Using Nimble with GPS

Almost any GPS can be used with Nimble Navigator, as long as the GPS can talk with a computer using the NMEA 0183 standard. The makers of GPS systems have mostly used the NMEA 0183 standard to allow the GPS to send information to the computer. But still, very few of these GPS systems will listen to a computer using the NMEA 0183 standard. The GPS might listen to its own brand language, but not the standard. The GPS can send location information to the computer, but will ignore waypoint information from the computer. Garmin and Magellan are two makers of GPS systems that will both talk and listen to a computer using the NMEA 0183 standard. Many other GPS systems will not.

  • GPS System options:
    • Permanent Mount GPS: Most boats will already have one installed. It could be a simple GPS. It could be the GPS used in a complex network/instrumentation system. A cable from the system, normally known as NMEA in/out, may have to be extended to reach the computer. Almost always, a connector (a DB9 female) will have to be soldered to the NMEA in/out cable. A USB to Serial Adapter will have to be used.
    • Handheld GPS: A handheld GPS sometimes makes the most sense. With a power/data accessory cable from the maker of your GPS, it becomes a fully functional, stand-alone navigation system when used with Nimble Navigator and your computer. A USB to Serial Adapter will have to be used.
    • GPS Mouse/Puck: Great for their lower price, but, because they have no display themselves, the computer must remain on for you to use this type of GPS. Almost always, A USB to Serial Adapter is built right into the unit, and it can be used by plugging directly into a USB port. There are a few notable exceptions; the Garmin GPS18 is one of them and units like it will need extra software to make them work with any system, if they will work at all.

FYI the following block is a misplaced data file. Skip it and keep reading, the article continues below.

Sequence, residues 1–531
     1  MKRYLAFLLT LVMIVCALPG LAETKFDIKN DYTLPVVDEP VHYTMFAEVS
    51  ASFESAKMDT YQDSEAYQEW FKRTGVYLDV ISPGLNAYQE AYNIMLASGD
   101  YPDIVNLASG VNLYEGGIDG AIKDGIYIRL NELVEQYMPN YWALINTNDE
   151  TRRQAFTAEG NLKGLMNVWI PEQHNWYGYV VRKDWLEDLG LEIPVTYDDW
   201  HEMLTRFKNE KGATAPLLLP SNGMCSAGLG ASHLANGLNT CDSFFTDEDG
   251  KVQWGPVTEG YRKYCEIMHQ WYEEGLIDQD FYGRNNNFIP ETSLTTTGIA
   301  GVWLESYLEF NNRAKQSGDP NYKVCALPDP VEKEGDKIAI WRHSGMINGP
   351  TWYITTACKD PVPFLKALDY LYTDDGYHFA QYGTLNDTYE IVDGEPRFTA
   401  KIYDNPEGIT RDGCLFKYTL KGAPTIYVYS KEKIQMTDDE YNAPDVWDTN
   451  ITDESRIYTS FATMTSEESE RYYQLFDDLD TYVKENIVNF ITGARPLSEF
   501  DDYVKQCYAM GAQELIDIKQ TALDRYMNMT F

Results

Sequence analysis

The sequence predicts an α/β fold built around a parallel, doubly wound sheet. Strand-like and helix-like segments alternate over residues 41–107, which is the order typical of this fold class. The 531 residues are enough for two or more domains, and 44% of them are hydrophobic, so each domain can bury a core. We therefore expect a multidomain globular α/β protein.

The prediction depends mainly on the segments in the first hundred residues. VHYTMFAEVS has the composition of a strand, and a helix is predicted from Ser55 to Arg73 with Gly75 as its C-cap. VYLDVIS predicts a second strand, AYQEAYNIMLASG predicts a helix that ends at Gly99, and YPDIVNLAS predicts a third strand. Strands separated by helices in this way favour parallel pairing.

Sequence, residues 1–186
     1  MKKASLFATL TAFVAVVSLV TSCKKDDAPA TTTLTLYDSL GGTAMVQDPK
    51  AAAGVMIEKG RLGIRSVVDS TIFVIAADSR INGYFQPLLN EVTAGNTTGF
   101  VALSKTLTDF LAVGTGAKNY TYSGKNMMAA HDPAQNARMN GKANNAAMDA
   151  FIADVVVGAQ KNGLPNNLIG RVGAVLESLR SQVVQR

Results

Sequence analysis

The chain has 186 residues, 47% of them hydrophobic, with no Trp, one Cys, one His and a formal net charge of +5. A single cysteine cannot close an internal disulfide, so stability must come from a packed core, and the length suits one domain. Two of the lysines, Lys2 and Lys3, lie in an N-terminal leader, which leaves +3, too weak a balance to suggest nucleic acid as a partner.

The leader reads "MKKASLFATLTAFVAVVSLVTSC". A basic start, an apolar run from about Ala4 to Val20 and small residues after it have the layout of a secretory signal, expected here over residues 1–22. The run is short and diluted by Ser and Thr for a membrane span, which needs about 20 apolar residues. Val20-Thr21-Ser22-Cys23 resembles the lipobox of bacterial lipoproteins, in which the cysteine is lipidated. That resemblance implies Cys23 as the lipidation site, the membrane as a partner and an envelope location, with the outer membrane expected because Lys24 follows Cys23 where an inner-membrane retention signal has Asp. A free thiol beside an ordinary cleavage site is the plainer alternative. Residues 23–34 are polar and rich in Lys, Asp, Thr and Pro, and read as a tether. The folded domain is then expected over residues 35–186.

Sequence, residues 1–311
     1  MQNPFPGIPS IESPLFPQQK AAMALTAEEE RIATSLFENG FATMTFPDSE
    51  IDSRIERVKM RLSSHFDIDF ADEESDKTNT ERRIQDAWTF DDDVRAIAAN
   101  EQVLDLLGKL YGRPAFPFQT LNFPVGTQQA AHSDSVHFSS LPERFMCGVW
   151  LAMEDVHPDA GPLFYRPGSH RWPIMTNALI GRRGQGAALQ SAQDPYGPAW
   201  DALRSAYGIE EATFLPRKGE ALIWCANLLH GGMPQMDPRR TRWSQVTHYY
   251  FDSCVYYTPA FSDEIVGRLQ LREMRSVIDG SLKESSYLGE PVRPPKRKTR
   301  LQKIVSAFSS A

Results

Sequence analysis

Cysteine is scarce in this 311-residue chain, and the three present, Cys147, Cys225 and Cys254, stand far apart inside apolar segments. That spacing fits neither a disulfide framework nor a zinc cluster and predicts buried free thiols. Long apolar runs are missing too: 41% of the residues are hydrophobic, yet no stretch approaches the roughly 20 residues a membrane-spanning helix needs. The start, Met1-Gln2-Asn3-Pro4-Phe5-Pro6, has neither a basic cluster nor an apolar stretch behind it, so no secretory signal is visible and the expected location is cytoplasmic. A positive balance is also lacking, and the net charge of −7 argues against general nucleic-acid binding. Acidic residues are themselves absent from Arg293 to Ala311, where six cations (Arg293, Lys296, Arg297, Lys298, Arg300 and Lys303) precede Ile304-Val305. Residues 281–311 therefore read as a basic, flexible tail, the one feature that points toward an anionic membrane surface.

• Best Bet:
  • I use a Garmin 152 permanent mount GPS because it both talks and listens and so supports the way I use Nimble Navigator. I can leave the GPS running all the time. With just 2 clicks on the chart in Nimble Navigator, I can send a waypoint to the GPS, it exists and is active in the GPS. I call this the 'Running Waypoint'. Now I can turn the computer off and save power. I use the GPS to track my navigation to the running waypoint. When I arrive near it, I start the computer, then, with 2 more clicks on the chart in Nimble Navigator, I move the running waypoint out in front of me again and it is updated in the GPS. Now I can turn the computer off and save power. I use the GPS to track my navigation to the running waypoint... Again and again. I can build entire routes in Nimble Navigator and the send them to my GPS. As a backup, I have a Garmin 72 handheld, and switching to it is nothing more than just plugging it in.

  • Installation:
  • For a permanent mount or handheld, if the data cable (or NMEA in/out cable) from your GPS is already fitted with a 9 pin connection (DB9 female), installation is simple. Install the driver for the USB to Serial Adapter, plug the USB side of the adapter into the computer, and plug the GPS cable into the 9 pin side of the adapter. If a 9 pin connection (DB9 female) must be soldered to the GPS cable, this can be tricky. Because the data cables from a GPS have different color coding depending on the manufacturer, installation can get a little strange. Maybe qualified help will be important here.

  • USB to Serial Adapters:
  • Geek Speak... Over 20 years ago, the NMEA standard was born before USB connections were common, so SERIAL/COM (9 pin) connections were used. This means that, for a GPS to talk with a computer using the NMEA standard, the GPS must be connected through a 9 pin connection. This has become a problem. Now, very few computers are built with a 9 pin connection, everything now is USB. A USB to Serial Adapter is a cable/device that connects to the 9 pin (also known as NMEA in/out) connection of the GPS and then plugs into a USB port on the computer. Software, called a 'driver', is required for all of these adapters. The driver should come with the adapter and be compatible with your version of Windows. The best adapters have the PL2303[Prolific] chipset.